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Just as President George Vella was calling for radical change, MDA president Michael Stivala was saying the real problem is too much red tape

Sleepwalking into an overdevelopment disaster – Alex Torpiano

  • Post category:News & Press
  • Reading time:5 mins read

It was surreal to read the recent heartfelt speech, (from which this title was borrowed), given by the President about over-development and uglification, the need to immediately undertake radical changes in our development policies and cancel the short-termism that pervades our current economic model, at the same time as the interview given by the President of the Malta Developers’ Association.

It was almost as if Michael Stivala was referring to a country different to the one we are seeing with our own eyes.

At the same time as he decries this “bureaucracy” – which most of us perceive as a complete lack of control – he fails to realise that the real increase in prices is the result of the other suicidal policy, namely that of basing our economic growth on an ever-increasing population, foreign workers, and more tourists.

The population of Malta increased by 25% over the same period, excluding the 3.2 million annual tourists registered in 2018 (admittedly hit by the later COVID-19 years, but now recovering), which translates roughly to an additional 60,000 people at any one time, assuming week-long stays.

When assessing this figure, keep in mind that the biggest town in Malta, St. Paul’s Bay, has a resident population of half that amount. And yet, Stivala claims that if we solve the traffic problem, Malta could take up to 5 million tourists a year!

Of course, if what tourists want is to be ferried around quickly to beaches, where they wait in a queue to be scammed for an umbrella and deck chair, or in a queue to jump into the sea, I suppose that this could be a solution.

It is unbelievable that a leader of an important lobby could make such thoughtless claims, unbacked by any research; it is more unbelievable that our political leaders are inclined to believe such economic nonsense.

Why nonsense? Because in his vision of perpetual growth of the economy, based on the perpetual, unshackled, growth of the construction industry, he fails to realise that this model not only makes our quality of life more miserable, but is intrinsically unsustainable.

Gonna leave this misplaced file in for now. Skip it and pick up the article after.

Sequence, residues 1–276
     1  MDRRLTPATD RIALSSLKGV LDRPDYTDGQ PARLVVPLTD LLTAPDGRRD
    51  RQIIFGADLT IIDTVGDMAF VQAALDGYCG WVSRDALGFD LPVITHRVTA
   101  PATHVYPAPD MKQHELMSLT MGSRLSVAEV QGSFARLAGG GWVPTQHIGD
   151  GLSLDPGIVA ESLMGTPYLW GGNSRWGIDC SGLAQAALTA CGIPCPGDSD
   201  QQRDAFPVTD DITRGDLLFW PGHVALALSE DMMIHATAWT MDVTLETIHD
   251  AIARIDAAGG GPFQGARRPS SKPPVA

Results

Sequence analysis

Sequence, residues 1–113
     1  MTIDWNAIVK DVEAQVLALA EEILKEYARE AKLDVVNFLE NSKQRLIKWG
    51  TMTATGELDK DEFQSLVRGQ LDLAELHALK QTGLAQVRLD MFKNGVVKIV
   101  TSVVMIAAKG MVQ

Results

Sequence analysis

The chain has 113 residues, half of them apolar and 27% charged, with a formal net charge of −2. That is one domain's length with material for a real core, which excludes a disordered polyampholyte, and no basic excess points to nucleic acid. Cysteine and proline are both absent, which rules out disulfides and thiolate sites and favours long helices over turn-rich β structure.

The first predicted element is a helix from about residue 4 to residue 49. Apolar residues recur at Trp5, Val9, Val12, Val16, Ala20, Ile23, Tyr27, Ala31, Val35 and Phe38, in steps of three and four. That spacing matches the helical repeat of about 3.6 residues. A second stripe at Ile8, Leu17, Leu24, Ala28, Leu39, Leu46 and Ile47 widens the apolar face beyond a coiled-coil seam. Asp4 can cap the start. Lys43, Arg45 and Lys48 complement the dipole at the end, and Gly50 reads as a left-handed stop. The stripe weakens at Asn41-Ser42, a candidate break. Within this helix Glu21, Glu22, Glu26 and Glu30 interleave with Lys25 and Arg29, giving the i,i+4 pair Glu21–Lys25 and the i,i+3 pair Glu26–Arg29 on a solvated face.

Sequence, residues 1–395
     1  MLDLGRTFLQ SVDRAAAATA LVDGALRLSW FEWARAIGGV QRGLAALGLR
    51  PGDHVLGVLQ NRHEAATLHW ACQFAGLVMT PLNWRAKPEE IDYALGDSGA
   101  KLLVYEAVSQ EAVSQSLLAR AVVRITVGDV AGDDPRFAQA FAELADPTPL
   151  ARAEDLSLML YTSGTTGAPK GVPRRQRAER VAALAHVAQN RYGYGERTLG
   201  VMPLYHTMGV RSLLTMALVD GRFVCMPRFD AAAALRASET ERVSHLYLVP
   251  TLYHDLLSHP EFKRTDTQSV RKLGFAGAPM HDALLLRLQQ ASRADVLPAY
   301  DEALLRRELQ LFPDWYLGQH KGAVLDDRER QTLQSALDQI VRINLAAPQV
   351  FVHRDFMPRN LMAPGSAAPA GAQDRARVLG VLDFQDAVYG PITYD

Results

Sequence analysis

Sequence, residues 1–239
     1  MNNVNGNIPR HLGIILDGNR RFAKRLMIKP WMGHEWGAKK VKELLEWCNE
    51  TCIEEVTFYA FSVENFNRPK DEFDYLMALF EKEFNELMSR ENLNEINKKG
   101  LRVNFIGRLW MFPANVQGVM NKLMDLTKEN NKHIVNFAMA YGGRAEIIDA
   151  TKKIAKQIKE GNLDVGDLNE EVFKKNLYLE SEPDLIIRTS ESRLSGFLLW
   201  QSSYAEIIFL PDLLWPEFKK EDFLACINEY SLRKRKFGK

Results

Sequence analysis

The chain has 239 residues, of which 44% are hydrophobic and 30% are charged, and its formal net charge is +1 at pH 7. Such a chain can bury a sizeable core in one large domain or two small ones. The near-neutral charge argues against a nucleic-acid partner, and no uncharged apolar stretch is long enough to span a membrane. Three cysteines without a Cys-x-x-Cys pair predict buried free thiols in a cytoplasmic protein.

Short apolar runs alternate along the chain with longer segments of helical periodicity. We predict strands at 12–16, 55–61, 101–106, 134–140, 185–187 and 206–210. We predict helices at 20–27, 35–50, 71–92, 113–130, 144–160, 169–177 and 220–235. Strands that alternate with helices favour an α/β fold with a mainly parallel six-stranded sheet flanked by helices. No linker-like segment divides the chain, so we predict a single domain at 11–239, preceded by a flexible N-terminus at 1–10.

Why unsustainable? Even developers recognise that  Malta is small, and therefore there must be some limit to its capacity. Let us say that the capacity for tourists is not 2 million, but rather 5. So, we will continue building and building, until we reach the limit of 5 million; and then what? What will our economic model depend on then?

At the same time, as we “grow” to accommodate more and more people, this same density will make our islands less and less attractive, not least for us and our young people, but also to the people we wish would want to come to visit. To whom will the gullible investors rent their apartments then?

This is what the President was referring to when he warned that overdevelopment would have a negative effect on our tourism and on small communities. This simple, obvious, consequence of current policies seems to escape the leading developers of our islands. 

Two other howlers characterized the Stivala interview.

The first refers to the long-standing proposal to make development rights a negotiable asset. The fly in the ointment is that no development rights exist independently of local plans, which, as the courts have repeatedly declared, are supreme and cannot be breached, not by any interpretation guideline, nor by any acquisition of “development rights”. Indeed, the only inalienable right that exists is when a specific development permit is issued.

The statement is however effectively libellous towards the hundreds of volunteers who give their time, energy and efforts, the countless concerned people (thousands) who send in their small contributions, and the many professionals who give their services pro bono, who actually make NGOs work.

It is the second time that I have heard Stivala make this allegation. It is the second time I am challenging him to come up with names, and evidence, or shut up.

We do understand that it is difficult for developers like him to understand why so many people put in so much effort into their campaigning, without doing it for the money. But the public understands it and supports it.

Article source: Times of Malta